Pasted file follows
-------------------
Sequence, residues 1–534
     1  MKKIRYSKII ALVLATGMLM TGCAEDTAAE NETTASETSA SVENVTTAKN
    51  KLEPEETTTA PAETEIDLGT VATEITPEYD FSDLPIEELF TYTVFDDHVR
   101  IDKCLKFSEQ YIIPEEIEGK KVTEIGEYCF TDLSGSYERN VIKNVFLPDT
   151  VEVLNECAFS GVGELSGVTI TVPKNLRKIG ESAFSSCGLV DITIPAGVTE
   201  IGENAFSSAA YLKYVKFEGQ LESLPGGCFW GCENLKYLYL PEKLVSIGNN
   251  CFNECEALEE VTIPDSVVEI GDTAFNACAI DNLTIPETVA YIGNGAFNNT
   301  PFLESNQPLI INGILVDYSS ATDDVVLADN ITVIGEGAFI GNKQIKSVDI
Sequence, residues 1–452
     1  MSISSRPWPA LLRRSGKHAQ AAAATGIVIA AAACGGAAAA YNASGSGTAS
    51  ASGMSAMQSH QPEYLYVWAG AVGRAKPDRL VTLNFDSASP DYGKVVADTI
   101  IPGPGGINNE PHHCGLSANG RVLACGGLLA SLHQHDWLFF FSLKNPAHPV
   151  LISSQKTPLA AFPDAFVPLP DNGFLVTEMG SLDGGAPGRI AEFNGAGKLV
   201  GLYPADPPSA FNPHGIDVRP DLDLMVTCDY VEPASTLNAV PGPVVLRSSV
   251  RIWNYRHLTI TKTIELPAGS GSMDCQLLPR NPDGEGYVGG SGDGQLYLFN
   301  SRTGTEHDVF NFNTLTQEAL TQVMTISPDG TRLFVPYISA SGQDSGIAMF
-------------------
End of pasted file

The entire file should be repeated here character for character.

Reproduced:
Sequence, residues 1–534
     1  MKKIRYSKII ALVLATGMLM TGCAEDTAAE NETTASETSA SVENVTTAKN
    51  KLEPEETTTA PAETEIDLGT VATEITPEYD FSDLPIEELF TYTVFDDHVR
   101  IDKCLKFSEQ YIIPEEIEGK KVTEIGEYCF TDLSGSYERN VIKNVFLPDT
   151  VEVLNECAFS GVGELSGVTI TVPKNLRKIG ESAFSSCGLV DITIPAGVTE
   201  IGENAFSSAA YLKYVKFEGQ LESLPGGCFW GCENLKYLYL PEKLVSIGNN
   251  CFNECEALEE VTIPDSVVEI GDTAFNACAI DNLTIPETVA YIGNGAFNNT
   301  PFLESNQPLI INGILVDYSS ATDDVVLADN ITVIGEGAFI GNKQIKSVDI
Sequence, residues 1–452
     1  MSISSRPWPA LLRRSGKHAQ AAAATGIVIA AAACGGAAAA YNASGSGTAS
    51  ASGMSAMQSH QPEYLYVWAG AVGRAKPDRL VTLNFDSASP DYGKVVADTI
   101  IPGPGGINNE PHHCGLSANG RVLACGGLLA SLHQHDWLFF FSLKNPAHPV
   151  LISSQKTPLA AFPDAFVPLP DNGFLVTEMG SLDGGAPGRI AEFNGAGKLV
   201  GLYPADPPSA FNPHGIDVRP DLDLMVTCDY VEPASTLNAV PGPVVLRSSV
   251  RIWNYRHLTI TKTIELPAGS GSMDCQLLPR NPDGEGYVGG SGDGQLYLFN
   301  SRTGTEHDVF NFNTLTQEAL TQVMTISPDG TRLFVPYISA SGQDSGIAMF